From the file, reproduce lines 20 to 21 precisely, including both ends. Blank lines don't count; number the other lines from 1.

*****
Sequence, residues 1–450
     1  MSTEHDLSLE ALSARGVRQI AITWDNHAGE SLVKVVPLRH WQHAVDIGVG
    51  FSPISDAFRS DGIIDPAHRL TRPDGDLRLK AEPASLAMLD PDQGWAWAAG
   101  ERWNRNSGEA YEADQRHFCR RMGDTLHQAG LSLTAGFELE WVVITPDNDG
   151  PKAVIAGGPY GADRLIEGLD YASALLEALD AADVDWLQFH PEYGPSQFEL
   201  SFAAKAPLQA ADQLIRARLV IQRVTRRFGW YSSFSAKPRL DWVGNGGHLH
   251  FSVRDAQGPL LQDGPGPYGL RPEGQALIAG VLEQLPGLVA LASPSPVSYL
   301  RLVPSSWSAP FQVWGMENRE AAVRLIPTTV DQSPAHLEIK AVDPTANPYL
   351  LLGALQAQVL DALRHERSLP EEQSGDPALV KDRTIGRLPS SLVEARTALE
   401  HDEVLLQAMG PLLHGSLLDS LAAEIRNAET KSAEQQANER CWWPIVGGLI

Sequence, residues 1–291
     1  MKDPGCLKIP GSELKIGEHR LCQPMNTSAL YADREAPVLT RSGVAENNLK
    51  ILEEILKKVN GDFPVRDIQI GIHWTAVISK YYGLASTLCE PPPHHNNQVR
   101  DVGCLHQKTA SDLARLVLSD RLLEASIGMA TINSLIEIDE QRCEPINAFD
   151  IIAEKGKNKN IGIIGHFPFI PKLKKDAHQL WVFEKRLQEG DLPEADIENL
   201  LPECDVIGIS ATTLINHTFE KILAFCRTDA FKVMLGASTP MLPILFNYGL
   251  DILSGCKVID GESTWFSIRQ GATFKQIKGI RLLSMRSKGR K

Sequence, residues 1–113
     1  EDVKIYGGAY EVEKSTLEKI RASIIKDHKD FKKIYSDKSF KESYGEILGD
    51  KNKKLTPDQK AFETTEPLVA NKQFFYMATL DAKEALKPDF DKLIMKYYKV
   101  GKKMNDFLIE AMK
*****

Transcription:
    51  KNKKLTPDQK AFETTEPLVA NKQFFYMATL DAKEALKPDF DKLIMKYYKV
   101  GKKMNDFLIE AMK